Courtesy photoMyles Thatcher is vibrant as a dancing doll in the San Francisco Ballet’s lavish production of “Nutcracker.”

Courtesy photoMyles Thatcher is vibrant as a dancing doll in the San Francisco Ballet’s lavish production of “Nutcracker.”

Season’s greetings in SF Ballet ‘Nutcracker’

Legend has it that Tchaikovsky was not satisfied with his “Nutcracker” score. It is hard to know what the Russian composer would say about the iconic ballet music today, more than 100 years after he wrote it, but he would undoubtedly be baffled by the ballet’s relentless popularity.

The San Francisco Ballet’s current “Nutcracker,” onstage through Dec. 29, holds its own as a seasonal pleasure. Yet while the show offers gorgeous sets and costumes and entertaining performances by company members in a range of frilly, virtuosic and theatrical roles, some of artistic director Helgi Tomasson’s choreography could use an update.

Set in San Francisco during the 1915 World’s Fair, complete with painted ladies on stage sets, the production makes “Nutcracker” feel at home in The City.

Partygoers brave the fog as they venture to the Stahlbaum home for a Christmas Eve party. On Wednesday’s opening night, Ruben Martin Cintas hammed it up as sometime sorcerer Uncle Drosselmeyer.

The young Juliet Doherty is a charming Clara, competent for more difficult choreography than she was given.

The pantomime doll dance in the first act, beautifully articulated by Myles Thatcher, is always a treat. Limp and lithe, Thatcher moves like a naive yet world-weary clown whose spring is winding down. Elizabeth Powell, perky and pert in a pink tutu, is his opposite, but equally adorable and precise. James Sofranko gives a buoyant and authoritative preview of the Nutcracker, who appears later in Clara’s dream.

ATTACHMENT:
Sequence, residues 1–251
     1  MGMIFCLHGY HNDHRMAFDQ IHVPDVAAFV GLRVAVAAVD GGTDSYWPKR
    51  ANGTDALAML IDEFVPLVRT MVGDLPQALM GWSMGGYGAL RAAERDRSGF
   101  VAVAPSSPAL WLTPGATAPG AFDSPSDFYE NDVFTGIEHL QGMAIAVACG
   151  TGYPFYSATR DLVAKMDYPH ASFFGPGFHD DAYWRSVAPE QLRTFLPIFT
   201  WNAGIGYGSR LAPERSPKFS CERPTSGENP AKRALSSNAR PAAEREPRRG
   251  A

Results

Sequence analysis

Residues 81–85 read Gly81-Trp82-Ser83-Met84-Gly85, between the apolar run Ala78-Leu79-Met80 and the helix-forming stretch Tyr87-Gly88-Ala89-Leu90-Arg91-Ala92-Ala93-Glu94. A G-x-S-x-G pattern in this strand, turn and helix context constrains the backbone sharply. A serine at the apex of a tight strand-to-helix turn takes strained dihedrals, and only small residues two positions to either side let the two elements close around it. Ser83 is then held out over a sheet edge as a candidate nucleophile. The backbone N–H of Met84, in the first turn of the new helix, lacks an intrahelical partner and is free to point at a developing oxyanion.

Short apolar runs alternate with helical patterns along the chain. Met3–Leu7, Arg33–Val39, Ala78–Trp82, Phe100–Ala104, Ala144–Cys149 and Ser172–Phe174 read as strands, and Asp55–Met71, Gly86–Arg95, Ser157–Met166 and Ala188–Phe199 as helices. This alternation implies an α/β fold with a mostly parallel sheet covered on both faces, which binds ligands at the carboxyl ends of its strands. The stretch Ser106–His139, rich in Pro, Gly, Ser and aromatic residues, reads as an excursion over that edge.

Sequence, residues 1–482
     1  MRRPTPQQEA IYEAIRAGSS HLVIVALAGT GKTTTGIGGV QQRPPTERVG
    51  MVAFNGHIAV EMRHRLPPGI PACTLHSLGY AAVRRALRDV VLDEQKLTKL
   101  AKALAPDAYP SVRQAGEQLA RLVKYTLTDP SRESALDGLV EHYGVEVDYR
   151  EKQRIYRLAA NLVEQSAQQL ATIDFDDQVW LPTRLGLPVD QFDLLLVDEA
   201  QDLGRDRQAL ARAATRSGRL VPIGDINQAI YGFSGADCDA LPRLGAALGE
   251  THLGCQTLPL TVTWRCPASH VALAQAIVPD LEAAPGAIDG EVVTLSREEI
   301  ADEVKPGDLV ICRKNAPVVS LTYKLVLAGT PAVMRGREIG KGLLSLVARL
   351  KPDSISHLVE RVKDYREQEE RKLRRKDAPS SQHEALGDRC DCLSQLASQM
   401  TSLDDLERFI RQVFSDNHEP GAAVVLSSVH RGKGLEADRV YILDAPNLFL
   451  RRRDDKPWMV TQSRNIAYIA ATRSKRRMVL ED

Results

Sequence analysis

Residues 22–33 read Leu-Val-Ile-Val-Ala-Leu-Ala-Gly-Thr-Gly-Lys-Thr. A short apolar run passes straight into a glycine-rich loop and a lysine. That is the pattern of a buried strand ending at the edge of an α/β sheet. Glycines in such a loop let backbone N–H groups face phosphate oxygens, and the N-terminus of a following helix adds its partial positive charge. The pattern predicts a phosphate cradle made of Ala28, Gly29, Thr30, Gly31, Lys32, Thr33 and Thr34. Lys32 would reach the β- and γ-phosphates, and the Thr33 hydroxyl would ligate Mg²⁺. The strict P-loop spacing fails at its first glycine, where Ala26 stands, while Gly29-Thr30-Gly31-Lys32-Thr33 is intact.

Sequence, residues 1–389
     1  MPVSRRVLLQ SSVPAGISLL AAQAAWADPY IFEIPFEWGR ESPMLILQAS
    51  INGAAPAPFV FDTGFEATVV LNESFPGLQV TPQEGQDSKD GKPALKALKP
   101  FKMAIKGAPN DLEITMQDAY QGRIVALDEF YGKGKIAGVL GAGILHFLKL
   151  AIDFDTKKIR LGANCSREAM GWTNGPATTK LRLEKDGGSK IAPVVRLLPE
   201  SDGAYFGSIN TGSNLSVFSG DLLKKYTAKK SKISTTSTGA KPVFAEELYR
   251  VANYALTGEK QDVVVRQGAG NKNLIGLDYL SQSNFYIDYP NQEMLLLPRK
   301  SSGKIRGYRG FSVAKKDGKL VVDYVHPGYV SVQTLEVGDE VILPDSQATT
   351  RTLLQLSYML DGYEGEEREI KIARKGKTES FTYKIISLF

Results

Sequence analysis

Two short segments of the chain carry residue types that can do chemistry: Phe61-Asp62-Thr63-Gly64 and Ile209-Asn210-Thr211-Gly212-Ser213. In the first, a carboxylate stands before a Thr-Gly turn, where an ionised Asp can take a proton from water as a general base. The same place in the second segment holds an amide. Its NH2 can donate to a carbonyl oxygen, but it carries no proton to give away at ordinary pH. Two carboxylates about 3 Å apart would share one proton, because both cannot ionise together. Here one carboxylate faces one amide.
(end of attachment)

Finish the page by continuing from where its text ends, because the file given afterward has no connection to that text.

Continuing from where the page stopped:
The battle scene needs more oomph. Despite the furious music, momentum doesn’t build, and the battle is brief and bloodless. Clara nails the Mouse King with a trap instead of her shoe, which feels sterile and lacks spontaneity.

Frances Chung, partnered by Jaime Garcia Castilla, is a radiant Snow Queen. The snow scene, a highlight, is a place where Tomasson does not shy away from embracing the full whimsy, even passion, of the great score.

Similarly, the grand pas de deux, danced flawlessly by Maria Kochetkova and Joan Boada, is among Tomasson’s high points, and a satisfying closure to the ballet. Like the final pas de deux in “The Sleeping Beauty,” Tchaikovsky’s tone is melancholic. Clara’s nightmare, which morphed into a pretty dream, is about to end.

Kochetkova, light as a feather, is soundless, much like Boada, whose bounding leaps land with equal softness. And the torque-tastic Vanessa Zahorian is a spinning top of a Sugar Plum Fairy.

Tchaikovsky is a master storyteller, and ballet’s most intuitive composer. As cymbals crash, timpanis rumble, winds whistle and strings soar, obvious motifs rise to the surface communicating snow flurries, cannons, clashing swords and even cultural nuances. The score should be appreciated in synchronicity with the dancing, not separate from it; in this “Nutcracker,” pantomime and posing take precedent over dancing too often.

REVIEW

Nutcracker

Presented by the San Francisco Ballet

Where: War Memorial Opera House, 301 Van Ness Ave., S.F.

When: 2 and 7 p.m. daily, except 11 a.m. and 4 p.m. Dec, 24, no performance Dec. 25, and 2 p.m. only on closing day Dec. 29

Tickets: $28 to $250

Contact: (415) 865-2000, www.sfballet.org artsDanceHelgi TomassonnutcrackerSan Francisco Ballet

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